Beliefs (From Humanist Manifest 1) 4. There are no moral absolutes. Man discovers by his own reason and logical thinking what is right and wrong.
Beliefs (From Humanist Manifest 1) Biblical Response: The Holy Bible was written by men divinely inspired and is God's revelation of Himself to man. It is a perfect treasure of divine instruction. It has God for its author, salvation for its end, and truth, without any mixture of error, for its matter. Therefore, all Scripture is totally true and trustworthy.
Beliefs (From Humanist Manifest 1) Biblical Response: It reveals the principles by which God judges us, and therefore is, and will remain to the end of the world, the true center of Christian union, and the supreme standard by which all human conduct, creeds, and religious opinions should be tried. All Scripture is a testimony to Christ, who is Himself the focus of divine revelation. Exodus 24:4; Deuteronomy 4:1-2; 17:19; Joshua 8:34; Psalms 19:7-10; 119:11,89,105,140; Isaiah 34:16; 40:8; Jeremiah 15:16; 36:1-32; Matthew 5:17-18; 22:29; Luke 21:33; 24:44-46; John 5:39; 16:13-15; 17:17; Acts 2:16ff.; 17:11; Romans 15:4; 16:25-26; 2 Timothy 3:15-17; Hebrews 1:1-2; 4:12; 1 Peter 1:25; 2 Peter 1:19-21.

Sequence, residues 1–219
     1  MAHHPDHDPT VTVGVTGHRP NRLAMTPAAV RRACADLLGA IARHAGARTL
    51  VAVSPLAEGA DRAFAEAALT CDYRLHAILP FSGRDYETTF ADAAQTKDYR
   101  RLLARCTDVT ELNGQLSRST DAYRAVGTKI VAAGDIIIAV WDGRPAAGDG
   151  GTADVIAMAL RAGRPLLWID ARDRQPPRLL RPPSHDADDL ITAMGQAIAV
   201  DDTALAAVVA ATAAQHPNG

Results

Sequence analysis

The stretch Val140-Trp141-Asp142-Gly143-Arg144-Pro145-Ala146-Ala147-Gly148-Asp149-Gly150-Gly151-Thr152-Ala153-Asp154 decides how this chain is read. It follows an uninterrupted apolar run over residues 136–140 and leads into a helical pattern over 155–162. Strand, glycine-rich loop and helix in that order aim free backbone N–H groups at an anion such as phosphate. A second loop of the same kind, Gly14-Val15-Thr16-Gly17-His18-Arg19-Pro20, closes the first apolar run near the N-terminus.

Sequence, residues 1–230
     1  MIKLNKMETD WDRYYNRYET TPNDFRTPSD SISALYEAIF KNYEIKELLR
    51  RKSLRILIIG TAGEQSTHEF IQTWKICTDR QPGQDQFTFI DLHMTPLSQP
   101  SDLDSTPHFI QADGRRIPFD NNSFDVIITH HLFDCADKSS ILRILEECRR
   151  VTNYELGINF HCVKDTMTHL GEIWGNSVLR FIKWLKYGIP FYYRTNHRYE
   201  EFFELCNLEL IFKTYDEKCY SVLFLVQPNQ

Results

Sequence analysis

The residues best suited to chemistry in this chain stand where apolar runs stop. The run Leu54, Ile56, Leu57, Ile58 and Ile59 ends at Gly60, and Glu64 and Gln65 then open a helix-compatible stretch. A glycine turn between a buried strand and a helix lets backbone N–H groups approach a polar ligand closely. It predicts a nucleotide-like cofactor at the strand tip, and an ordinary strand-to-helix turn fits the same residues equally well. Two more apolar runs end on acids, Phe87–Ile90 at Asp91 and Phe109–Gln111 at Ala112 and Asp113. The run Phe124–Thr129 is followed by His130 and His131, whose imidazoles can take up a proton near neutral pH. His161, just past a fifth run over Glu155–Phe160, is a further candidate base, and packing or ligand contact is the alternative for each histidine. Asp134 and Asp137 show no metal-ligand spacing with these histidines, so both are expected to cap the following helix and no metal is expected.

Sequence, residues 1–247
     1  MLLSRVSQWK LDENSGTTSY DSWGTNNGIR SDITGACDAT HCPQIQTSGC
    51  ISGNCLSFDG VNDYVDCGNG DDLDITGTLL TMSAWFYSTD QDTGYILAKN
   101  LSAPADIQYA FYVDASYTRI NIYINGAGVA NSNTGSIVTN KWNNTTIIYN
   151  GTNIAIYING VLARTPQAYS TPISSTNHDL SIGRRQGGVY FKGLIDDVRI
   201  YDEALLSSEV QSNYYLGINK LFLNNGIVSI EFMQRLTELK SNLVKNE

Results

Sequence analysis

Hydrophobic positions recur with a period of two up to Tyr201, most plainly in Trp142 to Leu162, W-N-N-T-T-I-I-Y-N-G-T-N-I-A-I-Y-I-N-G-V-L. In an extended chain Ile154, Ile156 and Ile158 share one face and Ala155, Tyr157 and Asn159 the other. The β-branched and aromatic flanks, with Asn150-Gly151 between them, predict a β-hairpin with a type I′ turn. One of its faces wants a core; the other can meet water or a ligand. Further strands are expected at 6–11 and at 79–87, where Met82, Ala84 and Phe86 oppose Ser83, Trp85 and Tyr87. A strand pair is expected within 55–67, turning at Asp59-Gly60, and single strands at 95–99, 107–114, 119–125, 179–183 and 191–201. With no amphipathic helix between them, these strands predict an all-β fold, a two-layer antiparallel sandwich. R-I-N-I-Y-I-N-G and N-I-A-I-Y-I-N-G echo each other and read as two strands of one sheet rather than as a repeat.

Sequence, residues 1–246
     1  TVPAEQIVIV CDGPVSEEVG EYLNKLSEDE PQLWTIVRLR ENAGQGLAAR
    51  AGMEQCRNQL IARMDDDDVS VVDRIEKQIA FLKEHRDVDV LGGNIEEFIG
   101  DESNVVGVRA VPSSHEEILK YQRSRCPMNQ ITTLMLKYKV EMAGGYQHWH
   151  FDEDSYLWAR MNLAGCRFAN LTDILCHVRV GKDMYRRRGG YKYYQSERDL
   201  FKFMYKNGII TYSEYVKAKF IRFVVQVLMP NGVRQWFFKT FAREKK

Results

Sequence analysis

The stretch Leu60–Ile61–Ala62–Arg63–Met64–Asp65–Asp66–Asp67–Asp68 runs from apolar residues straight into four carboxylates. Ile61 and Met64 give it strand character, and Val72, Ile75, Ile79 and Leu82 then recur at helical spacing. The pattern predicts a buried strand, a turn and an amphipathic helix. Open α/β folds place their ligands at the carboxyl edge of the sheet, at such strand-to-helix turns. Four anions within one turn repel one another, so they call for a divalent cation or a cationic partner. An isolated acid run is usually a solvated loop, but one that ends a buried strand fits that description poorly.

Beliefs (From Humanist Manifest 1) 5. Secular humanists believe that while humans make mistakes, they are not fallen sinners. “Salvation is by humans taking responsibility for their actions.”
Beliefs (From Humanist Manifest 1) Biblical Response: Man is the special creation of God, made in His own image. He created them male and female as the crowning work of His creation. The gift of gender is thus part of the goodness of God's creation. In the beginning man was innocent of sin and was endowed by his Creator with freedom of choice. By his free choice man sinned against God and brought sin into the human race.
Beliefs (From Humanist Manifest 1) Biblical Response: Through the temptation of Satan man transgressed the command of God, and fell from his original innocence whereby his posterity inherit a nature and an environment inclined toward sin. Therefore, as soon as they are capable of moral action, they become transgressors and are under condemnation. Only the grace of God can bring man into His holy fellowship and enable man to fulfill the creative purpose of God.